Spit for Science is a VCU-wide research project that aims to understand how genes and the environment come together to influence substance use and emotional health. The project works with a large number of undergraduate researchers each semester. Assistants help with recruitment and data collection, meet different faculty involved in the project and work in teams to develop research questions and analyze Spit for Science data.
Below are brief blog posts from current undergraduate researchers covering recent events and research relating to substance use and emotional health. For more information about the project, and to learn how to apply for the Spring 2017 team, please visit spit4science.vcu.edu.
Review by Deanna Pacitto
In this article, the behavioral tendencies of teen substance abusers is examined; and researchers conclude that teen users lack awareness for the individuals around them. Therefore, Dr. Pagano suggests that volunteering be introduced into their schedules in order to combat their egocentricity. Previous research conducted by Dr. Pagano has proven that teen relapse rates and adult arrest rates are cut in half after volunteering.
Review by Rampallyns
Researchers at the NIH working in the epidemiology branch found that DNA methylation patterns change because of smoking and that they could reveal smoking history which allows potential targets for new therapies.
Methylation is a mechanism through which DNA can be regulated. Smokers that have stopped for awhile are still at risk of developing diseases like COPD, cancer, etc. Most of the significant methylations sites were in genes that are related to cardiovascular diseases and certain cancers.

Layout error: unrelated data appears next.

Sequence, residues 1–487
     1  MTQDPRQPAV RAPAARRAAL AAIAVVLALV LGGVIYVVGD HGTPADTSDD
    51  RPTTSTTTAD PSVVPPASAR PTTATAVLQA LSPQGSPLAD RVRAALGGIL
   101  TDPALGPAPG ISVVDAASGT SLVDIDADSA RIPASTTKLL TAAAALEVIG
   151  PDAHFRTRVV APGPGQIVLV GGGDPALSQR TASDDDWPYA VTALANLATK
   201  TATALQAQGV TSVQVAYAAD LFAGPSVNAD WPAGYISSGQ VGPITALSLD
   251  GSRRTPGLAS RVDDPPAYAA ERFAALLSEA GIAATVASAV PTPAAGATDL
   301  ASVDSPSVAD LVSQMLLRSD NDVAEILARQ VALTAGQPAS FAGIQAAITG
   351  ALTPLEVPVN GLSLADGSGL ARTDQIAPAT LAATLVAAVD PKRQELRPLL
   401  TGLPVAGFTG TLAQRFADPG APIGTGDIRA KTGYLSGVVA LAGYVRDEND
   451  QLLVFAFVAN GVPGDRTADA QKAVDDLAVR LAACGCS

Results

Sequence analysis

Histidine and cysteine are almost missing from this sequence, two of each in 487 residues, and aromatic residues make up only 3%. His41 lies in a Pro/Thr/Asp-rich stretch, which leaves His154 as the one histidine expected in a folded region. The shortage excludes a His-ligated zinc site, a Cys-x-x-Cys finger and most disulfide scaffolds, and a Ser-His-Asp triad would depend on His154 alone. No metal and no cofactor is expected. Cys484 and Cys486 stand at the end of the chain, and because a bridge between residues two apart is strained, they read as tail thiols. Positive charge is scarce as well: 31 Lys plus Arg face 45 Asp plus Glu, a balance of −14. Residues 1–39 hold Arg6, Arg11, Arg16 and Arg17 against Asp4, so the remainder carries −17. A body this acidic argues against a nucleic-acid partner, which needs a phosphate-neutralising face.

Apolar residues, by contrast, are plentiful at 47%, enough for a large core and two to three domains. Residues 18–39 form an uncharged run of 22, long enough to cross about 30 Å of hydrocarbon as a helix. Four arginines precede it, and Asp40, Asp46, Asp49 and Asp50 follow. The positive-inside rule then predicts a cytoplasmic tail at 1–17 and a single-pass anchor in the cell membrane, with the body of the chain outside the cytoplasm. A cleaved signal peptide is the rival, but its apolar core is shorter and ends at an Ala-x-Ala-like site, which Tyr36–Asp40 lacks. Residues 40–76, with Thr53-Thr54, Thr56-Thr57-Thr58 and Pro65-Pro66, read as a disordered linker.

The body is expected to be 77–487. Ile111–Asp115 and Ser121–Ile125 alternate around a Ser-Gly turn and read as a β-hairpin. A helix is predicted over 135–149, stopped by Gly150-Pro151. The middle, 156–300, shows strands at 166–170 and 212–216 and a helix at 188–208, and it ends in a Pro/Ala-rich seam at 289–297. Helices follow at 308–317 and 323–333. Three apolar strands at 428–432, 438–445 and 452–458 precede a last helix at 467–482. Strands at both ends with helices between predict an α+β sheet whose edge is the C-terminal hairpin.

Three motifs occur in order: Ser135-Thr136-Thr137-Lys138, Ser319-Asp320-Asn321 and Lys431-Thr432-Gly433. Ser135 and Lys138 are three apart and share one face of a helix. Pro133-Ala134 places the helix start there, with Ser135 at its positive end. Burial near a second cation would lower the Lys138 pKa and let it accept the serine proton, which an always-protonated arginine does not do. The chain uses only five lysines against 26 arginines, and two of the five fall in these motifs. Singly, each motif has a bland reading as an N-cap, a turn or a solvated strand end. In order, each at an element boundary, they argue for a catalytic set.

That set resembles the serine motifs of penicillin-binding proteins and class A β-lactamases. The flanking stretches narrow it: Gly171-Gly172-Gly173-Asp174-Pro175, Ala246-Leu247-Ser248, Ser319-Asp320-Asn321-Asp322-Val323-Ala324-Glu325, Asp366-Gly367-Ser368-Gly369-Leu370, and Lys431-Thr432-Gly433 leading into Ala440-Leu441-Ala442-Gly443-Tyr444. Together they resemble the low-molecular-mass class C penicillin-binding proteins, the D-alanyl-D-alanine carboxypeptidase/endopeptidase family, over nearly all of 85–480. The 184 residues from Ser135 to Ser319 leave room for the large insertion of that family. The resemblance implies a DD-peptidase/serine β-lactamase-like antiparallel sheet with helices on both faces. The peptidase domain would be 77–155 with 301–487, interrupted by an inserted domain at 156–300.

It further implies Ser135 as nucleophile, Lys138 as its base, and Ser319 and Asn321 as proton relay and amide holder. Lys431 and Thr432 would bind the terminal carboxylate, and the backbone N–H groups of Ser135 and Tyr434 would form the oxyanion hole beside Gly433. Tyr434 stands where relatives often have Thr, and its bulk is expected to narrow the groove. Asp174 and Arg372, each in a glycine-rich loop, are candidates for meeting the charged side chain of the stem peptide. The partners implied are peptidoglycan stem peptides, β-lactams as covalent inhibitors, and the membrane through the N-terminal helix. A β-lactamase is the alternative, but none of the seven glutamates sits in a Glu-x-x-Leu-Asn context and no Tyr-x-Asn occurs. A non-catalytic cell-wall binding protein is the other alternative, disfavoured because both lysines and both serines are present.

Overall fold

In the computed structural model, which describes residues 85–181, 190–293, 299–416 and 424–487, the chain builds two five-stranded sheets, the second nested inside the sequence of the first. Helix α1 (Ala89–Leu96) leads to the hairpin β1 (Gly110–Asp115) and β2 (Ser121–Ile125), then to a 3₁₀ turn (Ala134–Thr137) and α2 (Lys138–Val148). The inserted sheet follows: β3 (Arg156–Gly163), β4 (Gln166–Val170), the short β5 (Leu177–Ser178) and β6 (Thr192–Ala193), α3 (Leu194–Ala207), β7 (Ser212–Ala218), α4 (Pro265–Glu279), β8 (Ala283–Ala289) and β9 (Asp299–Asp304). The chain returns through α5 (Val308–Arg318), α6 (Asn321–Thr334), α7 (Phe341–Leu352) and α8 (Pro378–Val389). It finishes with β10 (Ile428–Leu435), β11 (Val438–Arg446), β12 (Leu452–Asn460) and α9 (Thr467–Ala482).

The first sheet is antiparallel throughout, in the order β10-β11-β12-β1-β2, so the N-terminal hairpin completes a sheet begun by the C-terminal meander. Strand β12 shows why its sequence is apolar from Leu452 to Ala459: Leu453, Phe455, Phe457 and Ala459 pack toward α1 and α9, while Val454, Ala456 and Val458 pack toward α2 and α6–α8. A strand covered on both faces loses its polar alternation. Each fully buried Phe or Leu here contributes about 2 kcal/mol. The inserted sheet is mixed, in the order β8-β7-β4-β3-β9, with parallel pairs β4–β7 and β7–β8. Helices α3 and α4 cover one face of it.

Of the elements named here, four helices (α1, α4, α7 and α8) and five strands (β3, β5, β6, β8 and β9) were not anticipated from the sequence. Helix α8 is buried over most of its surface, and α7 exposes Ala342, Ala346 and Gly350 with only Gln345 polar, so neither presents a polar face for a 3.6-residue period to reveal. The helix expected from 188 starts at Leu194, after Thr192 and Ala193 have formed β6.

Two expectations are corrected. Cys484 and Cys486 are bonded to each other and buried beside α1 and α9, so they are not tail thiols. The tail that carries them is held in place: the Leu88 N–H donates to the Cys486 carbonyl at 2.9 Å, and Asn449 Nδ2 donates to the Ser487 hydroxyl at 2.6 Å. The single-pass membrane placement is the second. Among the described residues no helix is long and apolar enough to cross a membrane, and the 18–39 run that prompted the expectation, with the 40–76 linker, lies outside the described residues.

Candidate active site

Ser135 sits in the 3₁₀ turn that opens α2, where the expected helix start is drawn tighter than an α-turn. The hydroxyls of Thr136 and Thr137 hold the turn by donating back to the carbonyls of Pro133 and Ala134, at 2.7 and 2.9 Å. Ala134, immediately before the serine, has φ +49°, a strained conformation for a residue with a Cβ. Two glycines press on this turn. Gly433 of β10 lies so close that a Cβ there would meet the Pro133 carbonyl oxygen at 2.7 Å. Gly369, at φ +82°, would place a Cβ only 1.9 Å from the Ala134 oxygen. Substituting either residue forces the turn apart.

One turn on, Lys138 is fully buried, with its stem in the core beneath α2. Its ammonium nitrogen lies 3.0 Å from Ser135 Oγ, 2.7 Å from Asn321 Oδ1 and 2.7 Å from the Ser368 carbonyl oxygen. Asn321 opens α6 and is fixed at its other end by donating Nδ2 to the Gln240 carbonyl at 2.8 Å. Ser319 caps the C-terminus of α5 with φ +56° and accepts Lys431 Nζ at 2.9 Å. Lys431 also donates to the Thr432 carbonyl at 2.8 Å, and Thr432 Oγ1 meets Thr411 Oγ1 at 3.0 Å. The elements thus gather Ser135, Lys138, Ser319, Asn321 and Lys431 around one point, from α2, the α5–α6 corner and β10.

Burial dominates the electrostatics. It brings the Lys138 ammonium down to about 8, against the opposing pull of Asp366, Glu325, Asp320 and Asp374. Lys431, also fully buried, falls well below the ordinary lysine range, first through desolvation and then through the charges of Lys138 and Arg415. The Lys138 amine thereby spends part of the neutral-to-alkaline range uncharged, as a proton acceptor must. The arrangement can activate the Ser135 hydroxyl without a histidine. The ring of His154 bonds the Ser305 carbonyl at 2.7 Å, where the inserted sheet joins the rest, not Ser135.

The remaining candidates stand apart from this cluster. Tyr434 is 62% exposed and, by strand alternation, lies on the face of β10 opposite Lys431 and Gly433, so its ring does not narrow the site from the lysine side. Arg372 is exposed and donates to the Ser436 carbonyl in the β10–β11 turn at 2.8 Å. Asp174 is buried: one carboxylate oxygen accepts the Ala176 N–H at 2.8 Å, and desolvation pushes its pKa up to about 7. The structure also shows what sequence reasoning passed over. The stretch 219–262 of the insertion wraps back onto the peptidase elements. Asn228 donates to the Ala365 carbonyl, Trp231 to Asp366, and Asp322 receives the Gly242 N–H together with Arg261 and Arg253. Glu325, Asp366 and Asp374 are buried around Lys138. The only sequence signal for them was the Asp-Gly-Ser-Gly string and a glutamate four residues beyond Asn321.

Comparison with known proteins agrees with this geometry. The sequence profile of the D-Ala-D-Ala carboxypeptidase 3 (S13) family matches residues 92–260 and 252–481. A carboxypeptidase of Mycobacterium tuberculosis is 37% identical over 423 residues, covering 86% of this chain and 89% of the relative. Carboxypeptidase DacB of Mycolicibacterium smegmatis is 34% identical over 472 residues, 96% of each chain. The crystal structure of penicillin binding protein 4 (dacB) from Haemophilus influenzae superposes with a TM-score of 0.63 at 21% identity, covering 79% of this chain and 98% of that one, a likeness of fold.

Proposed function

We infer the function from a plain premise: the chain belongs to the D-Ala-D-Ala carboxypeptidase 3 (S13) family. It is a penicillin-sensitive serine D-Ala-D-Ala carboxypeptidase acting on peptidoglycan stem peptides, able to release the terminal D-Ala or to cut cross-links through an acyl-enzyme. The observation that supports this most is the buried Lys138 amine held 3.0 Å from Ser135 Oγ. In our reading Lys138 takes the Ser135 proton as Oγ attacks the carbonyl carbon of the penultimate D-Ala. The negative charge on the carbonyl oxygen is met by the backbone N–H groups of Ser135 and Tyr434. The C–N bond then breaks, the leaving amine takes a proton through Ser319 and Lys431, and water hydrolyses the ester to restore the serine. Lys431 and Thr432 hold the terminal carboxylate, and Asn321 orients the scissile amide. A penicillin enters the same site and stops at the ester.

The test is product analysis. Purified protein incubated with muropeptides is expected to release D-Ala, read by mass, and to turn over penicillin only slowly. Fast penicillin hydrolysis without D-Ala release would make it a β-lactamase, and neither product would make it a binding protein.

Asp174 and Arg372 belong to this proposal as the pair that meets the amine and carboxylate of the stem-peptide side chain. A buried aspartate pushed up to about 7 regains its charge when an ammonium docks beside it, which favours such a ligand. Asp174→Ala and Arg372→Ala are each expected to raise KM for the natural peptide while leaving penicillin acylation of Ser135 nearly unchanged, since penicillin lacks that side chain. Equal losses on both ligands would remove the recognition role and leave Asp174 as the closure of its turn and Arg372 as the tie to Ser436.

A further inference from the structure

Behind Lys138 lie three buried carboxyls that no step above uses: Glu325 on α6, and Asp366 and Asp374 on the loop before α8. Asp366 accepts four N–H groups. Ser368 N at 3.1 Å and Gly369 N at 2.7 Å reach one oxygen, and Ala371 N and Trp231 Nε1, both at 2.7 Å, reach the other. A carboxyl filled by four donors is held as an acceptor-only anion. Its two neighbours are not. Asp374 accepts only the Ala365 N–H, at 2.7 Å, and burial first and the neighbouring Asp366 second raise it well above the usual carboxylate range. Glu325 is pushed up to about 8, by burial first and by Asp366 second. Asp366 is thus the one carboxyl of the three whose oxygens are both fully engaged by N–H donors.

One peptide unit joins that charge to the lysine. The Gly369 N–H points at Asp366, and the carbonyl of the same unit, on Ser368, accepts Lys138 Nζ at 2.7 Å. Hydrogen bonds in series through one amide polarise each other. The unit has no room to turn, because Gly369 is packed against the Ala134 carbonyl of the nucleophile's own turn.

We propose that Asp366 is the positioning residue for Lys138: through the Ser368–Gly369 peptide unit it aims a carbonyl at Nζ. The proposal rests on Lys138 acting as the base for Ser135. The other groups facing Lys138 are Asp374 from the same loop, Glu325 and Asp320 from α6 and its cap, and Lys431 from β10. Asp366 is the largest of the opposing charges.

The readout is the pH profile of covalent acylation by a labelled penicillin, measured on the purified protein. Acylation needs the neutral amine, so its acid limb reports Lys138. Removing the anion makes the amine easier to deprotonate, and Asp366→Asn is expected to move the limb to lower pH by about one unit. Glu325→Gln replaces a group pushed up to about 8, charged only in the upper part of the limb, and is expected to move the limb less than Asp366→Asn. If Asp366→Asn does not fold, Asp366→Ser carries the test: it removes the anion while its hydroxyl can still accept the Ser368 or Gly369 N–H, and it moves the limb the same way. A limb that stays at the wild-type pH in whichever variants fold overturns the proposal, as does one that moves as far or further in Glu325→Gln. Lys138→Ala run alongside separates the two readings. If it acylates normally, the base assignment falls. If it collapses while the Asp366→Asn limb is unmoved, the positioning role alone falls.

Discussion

Review by Hamakerdh
Thanks to the very popular ice bucket challenge from two years ago, new discoveries have been made in the fight to find a cure for ALS. Donations from the Ice Bucket Challenge allowed researchers to conduct two studies in which they tried to find faulty genes in people who were diagnosed with ALS. Both studies were able to find faulty versions of some genes.
The first study found a faulty version of the NEK1 gene in roughly 3 percent of the participants who were diagnosed with ALS. The NEK1 gene has many important functions including helping nerve cells to function properly, give them their shape, and also control the membrane of the mitochondria which provides the nerve cells energy so that they can carry out many important functions, even including repair of DNA.
The second study also found a few more gene variations that were associated with increased risk of ALS. The genes were C21,SCFD1 and MOBP all of which have variations that are associated with increased risk of ALS. These studies were very important in identifying risky gene variations so that they can be, hopefully, targeted for gene therapy in the future.